Mr. Thompson’s Smile

When I was six, my great grandma lived in an assisted living home called Oasis Retirement. She had a room on the second floor. It was just big enough for a queen-size bed, a dresser and a chair for guests with an attached bathroom. Great Grandma was always saying she felt claustrophobic in that room. (I asked my mom what it meant. She told me it’s the feeling that a place is too small.) I wasn’t sure how anyone could think a bedroom with a bathroom attached was too small. I had to walk out of my room and down the hall to get to the bathroom I used at home. Plus, I had to share it with my sister, Tammy. Both of us being in that tiny bathroom together seemed like a much better example of feeling claustrophobic to me.

When we visited Great Grandma, she always insisted we stay for lunch or dinner, whichever was next. She always said, “It won’t be great — these cooks aren’t what I used to be — but it’s food and it’s my treat.” Dad always made sure she was distracted when he slipped $30 to one of the waiters to cover our meals.

If there was ever anyone in that dining room less pleased than Great Grandma with the food, it was Mr. Thompson. He didn’t like anything about Oasis Retirement. When I asked Mom why, she asked me, “Do you remember the months your dad and I and your aunts and uncles spent convincing Great Grandma to move here?”. 

I nodded.

“Well,” she said, “Mr. Thompson’s children simply sold his house and told him he had a week to pack everything that he planned on taking with him.”

I frowned. “I guess nobody would like that, not even if their new bedroom had a bathroom attached.” 

Mom agreed. 

Mr. Thompson complained about everything to everyone. The chicken was dry. The water was too cold. The silverware wasn’t clean enough. Most of the complaints I heard were about food since I only ever saw him in the dining room. He was grouchy toward the waitresses and he was grouchy toward the other residents. Great Grandma always tsked whenever we walked into the dining room to see him sitting at one of the tables. She was not the type to join in with Mr. Thompson’s complaining, not that he ever let any of the other residents carry on a conversation with him. Instead, she just complained quietly about how he complained so loudly.

Mr. Thompson didn’t speak to anyone unless it was absolutely necessary. Except, of course, to me. For whatever reason, Mr. Thompson’s frown lessened slightly whenever he saw me. Every time I saw him, he’d raise his hand and gesture for me to come over and say hello.

“Hello, Little Roth Girl,” he’d greet me. He didn’t seem to care what my real name was. No matter how many times I reminded him that I was Hannah Roth, not Little Roth Girl, he never changed his greeting.

“Hello, Mr. Thompson,” I’d say.

Before telling me to shoo back to my parents, he’d give me whatever tidbit of information was on his mind that particular day. Once, he told me that the sky was really another ocean. Another time, he assured me that butterflies have eyes on their wings. “That’s why they die if you touch them,” he said. “You’ve just smashed their eyeballs.” The next time, he told me Earth was flat. When I was six and even seven, I believed a lot of what he said. Now that I’m eight, I only believe a little bit.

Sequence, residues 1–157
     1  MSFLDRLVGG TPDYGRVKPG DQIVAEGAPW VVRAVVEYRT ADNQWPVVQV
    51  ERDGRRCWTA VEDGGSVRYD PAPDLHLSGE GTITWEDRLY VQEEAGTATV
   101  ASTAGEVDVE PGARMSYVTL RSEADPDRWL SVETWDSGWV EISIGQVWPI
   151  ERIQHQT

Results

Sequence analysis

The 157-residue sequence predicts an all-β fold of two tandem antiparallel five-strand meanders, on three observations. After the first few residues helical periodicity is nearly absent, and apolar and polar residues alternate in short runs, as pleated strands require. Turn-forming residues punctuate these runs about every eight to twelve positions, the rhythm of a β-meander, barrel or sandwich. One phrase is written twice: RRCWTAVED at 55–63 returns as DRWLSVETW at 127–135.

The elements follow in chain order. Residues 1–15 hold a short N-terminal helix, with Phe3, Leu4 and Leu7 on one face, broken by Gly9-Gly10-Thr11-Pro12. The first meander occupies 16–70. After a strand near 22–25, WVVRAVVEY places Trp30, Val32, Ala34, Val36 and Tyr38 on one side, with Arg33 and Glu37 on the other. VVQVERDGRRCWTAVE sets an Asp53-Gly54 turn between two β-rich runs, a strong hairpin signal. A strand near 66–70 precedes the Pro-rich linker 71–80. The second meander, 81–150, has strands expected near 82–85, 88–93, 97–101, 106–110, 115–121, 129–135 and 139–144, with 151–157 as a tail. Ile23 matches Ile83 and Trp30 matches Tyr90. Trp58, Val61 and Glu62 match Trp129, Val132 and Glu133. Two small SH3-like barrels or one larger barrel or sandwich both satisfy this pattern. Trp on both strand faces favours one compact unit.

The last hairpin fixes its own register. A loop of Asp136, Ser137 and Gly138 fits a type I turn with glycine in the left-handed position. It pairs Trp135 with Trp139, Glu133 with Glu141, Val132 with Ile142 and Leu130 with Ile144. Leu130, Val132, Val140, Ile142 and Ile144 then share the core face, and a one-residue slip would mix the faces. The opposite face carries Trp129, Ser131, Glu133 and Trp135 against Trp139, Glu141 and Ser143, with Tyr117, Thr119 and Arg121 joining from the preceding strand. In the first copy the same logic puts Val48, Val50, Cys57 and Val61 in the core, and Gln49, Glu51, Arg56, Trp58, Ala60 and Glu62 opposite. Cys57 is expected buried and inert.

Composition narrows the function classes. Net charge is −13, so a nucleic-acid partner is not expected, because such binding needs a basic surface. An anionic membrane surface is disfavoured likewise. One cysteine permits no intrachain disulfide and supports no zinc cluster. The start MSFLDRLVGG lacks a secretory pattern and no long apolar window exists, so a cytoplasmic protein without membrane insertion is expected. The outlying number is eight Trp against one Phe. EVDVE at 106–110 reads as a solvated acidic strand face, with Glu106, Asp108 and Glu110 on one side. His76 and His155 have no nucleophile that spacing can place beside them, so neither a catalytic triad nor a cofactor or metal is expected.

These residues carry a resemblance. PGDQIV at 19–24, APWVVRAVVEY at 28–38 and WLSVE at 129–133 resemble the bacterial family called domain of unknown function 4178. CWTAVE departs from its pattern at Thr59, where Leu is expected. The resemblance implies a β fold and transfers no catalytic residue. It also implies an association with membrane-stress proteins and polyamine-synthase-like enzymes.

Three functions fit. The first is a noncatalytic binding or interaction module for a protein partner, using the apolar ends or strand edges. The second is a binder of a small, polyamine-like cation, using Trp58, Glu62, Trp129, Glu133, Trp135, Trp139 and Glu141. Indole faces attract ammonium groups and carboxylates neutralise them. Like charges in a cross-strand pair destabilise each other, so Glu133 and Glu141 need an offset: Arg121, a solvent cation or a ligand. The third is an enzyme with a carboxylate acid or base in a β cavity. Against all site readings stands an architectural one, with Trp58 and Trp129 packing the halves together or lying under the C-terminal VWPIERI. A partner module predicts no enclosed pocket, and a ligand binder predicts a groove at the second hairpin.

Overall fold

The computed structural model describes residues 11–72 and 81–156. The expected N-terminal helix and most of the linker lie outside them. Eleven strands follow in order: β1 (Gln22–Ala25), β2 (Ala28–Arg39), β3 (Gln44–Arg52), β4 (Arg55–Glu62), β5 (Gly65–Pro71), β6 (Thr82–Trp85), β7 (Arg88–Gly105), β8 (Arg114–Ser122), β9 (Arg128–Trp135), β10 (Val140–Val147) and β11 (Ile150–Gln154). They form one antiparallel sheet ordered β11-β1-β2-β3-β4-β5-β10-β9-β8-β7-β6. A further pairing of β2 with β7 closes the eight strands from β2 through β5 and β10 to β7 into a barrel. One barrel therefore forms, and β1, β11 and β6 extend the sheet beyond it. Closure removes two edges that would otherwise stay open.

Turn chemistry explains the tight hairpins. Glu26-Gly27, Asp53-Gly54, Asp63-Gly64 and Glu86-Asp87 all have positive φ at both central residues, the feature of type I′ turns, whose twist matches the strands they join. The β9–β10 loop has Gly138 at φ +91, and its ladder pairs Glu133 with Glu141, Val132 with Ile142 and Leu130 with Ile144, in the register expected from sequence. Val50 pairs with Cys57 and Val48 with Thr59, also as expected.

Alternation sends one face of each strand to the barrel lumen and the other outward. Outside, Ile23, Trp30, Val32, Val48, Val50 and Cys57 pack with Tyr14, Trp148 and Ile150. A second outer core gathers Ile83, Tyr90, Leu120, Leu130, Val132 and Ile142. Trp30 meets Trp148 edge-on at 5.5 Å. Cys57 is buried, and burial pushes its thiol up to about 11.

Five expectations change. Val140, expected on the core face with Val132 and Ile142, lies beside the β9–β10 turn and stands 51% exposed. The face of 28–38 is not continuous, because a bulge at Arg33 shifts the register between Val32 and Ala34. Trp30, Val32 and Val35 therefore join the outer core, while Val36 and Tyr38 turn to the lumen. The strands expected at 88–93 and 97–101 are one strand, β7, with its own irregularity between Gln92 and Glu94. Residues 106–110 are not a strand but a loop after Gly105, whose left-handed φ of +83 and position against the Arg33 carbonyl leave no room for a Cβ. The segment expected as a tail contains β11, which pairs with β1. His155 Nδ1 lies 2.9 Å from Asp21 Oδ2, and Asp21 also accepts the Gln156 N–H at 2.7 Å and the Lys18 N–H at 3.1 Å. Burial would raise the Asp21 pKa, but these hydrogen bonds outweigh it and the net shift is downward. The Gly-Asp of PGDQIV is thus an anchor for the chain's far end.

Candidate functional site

Mr. Thompson died seven months ago. Great Grandma said the cooks had probably poisoned his food to get him to stop complaining. Mom said he actually died of a disease inside his brain. It was a big long word that I don’t remember. (I only remembered claustrophobic because I say it to myself every time I’m in the bathroom with Tammy.) We went to Mr. Thompson’s funeral. There were other kids there who Dad said were Mr. Thompson’s grandchildren. I wondered whether they had believed all the things he’d said and whether he’d only said them to me. A line of people walked through to look into a box Mom and Dad said I couldn’t look in. It seemed to have something sad inside it, so I didn’t mind not being allowed to look. We all had to sit down so the pastor could tell us about how he knows we all loved Mr. Thompson, but now he’s in heaven, which is better than here.

Remember how Mr. Thompson said the sky is another ocean? It sort of makes sense. They both change colors based on their moods and what time it is. One hold boats, another holds airplanes. One holds fish, another holds birds. Or maybe there are fish up in the sky/ocean, too, but we’re too far away to see them. Like when you stand on the beach and can’t see any fish even though you know they must be there.

I remembered the time Mr. Thompson told me the stars aren’t stars at all. He said Earth is inside a big box and what everyone calls stars are actually holes in the top of the box so we can breathe. I asked him how the sky/ocean stays full if there are holes right above it. He told me that’s what gravity’s for.

After the service, I asked Mom where heaven is. She said it’s “up.” My jaw dropped and my eyes grew wide. 

“You mean Mr. Thompson is in the sky/ocean?”

Mom looked confused. I turned to Dad. I knew he knew about the sky/ocean. I guess Mom had forgotten.

Dad thought for a moment. “If he were in the sky/ocean, he’d still be inside the box, right?”

I nodded.

“Heaven is like being taken outside of the box. It’s even above the stars.”

Outside of the box. That sounded like something Mr. Thompson would like. The pastor said heaven is a nice place. I remembered Dad telling Great Grandma the assisted living home was a nice place. She always responded by pushing her lips together and out like a fish. I don’t think Mr. Thompson ever thought the assisted living was a nice place either.

“Do you think Mr. Thompson smiles now?” I asked Mom as she tucked me into bed.

She kissed my forehead. “I think he does.”